Fortunately, your thoughts, feelings, and even the pain you feel can be mitigated by meditating. Studies have shown that meditation can help control pain and lessen depression by assisting patients in dealing with negative thoughts and living in the present moment.

6) Topical Creams

When you have arthritis, sometimes you need immediate relief. There are many topical creams available to you that can offer some temporary alleviation of your pain and other symptoms.

Some of the creams you might consider include Bengay, Icy Hot, Myoflex, Aspercreme, Capzasin-HP, and Sportscreme. There are other creams and balms on the market that might work for you, so be sure to experiment and talk to other people you know who are coping with arthritis.

These topical creams tend to work best on joints that are closest to the surface of your skin. They often feature salicylates, which reduce inflammation, taking the pressure off your joints, and decreasing your pain. Follow the instructions on these products, including not overusing them.

7) Choose Devices that Make Your Life Easier

If you’re struggling with arthritis, you understand that every effort you make comes at a cost. You have to decide what’s worth extending yourself, and what isn’t. One way to keep yourself fresh for the outside world is by making your home more conducive to life with arthritis.

Some devices you might want to consider bringing into your house and life include:

  • Zipper pulls and buttoning aids.
  • Clothing with velcro fasteners.
  • Shoehorns and reaching, grabbing tools.
  • Bars and handrails on your bathtub and next to your toilet.
  • Fixed jar openers.
  • Chairs built for people with arthritis.
  • Hands-free headsets.

Essentially any device that can keep your stable, help you avoid moving your joints to do simple tasks can be a part of your dealing with arthritis regimen.

8) Acupuncture

Acupuncture has been used for thousands of years to treat a host of maladies. Research is limited on the effects of acupuncture on arthritis, but some suggest it can reduce pain in patients.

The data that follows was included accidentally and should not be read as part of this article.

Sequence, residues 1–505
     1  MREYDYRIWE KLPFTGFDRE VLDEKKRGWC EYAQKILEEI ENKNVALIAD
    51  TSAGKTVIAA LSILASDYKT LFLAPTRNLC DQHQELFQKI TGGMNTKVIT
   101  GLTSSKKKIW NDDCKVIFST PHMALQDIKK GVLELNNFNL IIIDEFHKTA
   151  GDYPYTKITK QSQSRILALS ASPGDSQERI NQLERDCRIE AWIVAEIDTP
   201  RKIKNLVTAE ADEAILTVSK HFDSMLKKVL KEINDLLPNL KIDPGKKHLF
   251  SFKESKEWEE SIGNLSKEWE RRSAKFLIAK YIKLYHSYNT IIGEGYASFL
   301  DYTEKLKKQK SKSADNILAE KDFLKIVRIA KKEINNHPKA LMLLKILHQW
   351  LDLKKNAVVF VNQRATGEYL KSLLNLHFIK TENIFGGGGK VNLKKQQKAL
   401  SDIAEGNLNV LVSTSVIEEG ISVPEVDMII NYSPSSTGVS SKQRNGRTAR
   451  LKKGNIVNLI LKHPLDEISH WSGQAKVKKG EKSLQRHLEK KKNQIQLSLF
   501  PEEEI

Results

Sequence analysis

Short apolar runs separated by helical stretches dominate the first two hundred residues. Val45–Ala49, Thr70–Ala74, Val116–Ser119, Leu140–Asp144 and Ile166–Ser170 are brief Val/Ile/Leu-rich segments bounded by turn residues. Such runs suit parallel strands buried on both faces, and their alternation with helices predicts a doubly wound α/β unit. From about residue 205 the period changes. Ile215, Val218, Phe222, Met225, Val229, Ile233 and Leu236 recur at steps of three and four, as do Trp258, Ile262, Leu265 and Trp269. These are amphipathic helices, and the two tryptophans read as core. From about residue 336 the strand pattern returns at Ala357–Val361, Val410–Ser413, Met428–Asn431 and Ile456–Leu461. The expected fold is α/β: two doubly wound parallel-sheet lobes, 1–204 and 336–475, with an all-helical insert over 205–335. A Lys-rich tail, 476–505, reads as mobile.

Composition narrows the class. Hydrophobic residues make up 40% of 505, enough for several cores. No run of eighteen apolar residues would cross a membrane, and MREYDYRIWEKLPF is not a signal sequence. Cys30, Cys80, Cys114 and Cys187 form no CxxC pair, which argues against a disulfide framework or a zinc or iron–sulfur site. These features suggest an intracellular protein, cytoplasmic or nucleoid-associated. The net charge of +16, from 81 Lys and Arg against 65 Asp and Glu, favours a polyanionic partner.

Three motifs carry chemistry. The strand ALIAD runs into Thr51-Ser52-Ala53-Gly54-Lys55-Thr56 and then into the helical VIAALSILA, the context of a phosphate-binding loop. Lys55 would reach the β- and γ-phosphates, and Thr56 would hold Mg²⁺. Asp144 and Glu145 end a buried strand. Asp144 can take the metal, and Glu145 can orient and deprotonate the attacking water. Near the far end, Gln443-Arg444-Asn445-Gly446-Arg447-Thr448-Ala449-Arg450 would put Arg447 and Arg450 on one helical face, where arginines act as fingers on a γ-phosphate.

By placing needles in specific areas on the body, acupuncturists believe they can release tightness, and spasming muscles that are part of the chronic pain that hurts patients. Acupuncture has been shown to reduce inflammation, the heart of all arthritic conditions.

Acupuncture also stimulates endorphins that can kill arthritic pain. While you shouldn’t rely on acupuncture alone to treat your arthritic symptoms, it can be part of a regimen that relaxes you and leads to a more holistic lifestyle. Some health insurance will cover at least some of your acupuncture costs, making it a worthwhile pursuit as part of your overall treatments.

9) Support Groups, Workshops, and Self-Management Classes

Acupuncture can isolate people and make them feel like they’re alone in their pain and depression. By joining a support group, you can connect with people who are dealing with arthritis and have similar symptoms to you. Through these relationships, you can find new friends, and learn what’s helped them deal with pain and depression.

You can also attend self-management workshops. In these community-based programs, you can also find people dealing with arthritis, and learn from experts about techniques for managing the condition. Getting out of the house, and getting the motivation to do something about your arthritis can make a big difference in your life.

10) Hypnosis

This won’t work for everyone. Hypnosis is most useful for those willing to be hypnotized. However, if you’re able to submit and give yourself over to suggestions, it could do you a world of good. If you ask around and do research, you’ll likely find highly-recommended hypnotists that specialize in working with patients who have arthritis or deal with other forms of chronic pain.

Studies have shown that hypnotherapy doesn’t only impact the symptoms of arthritis-like pain and depression, but that it can have an impact on the disease itself, lessening stiffness and swelling.

Studies have also shown that over 75% of people with arthritis who use hypnosis report significant pain relief. If you go in with an open, willing mind, you too can enjoy these benefits.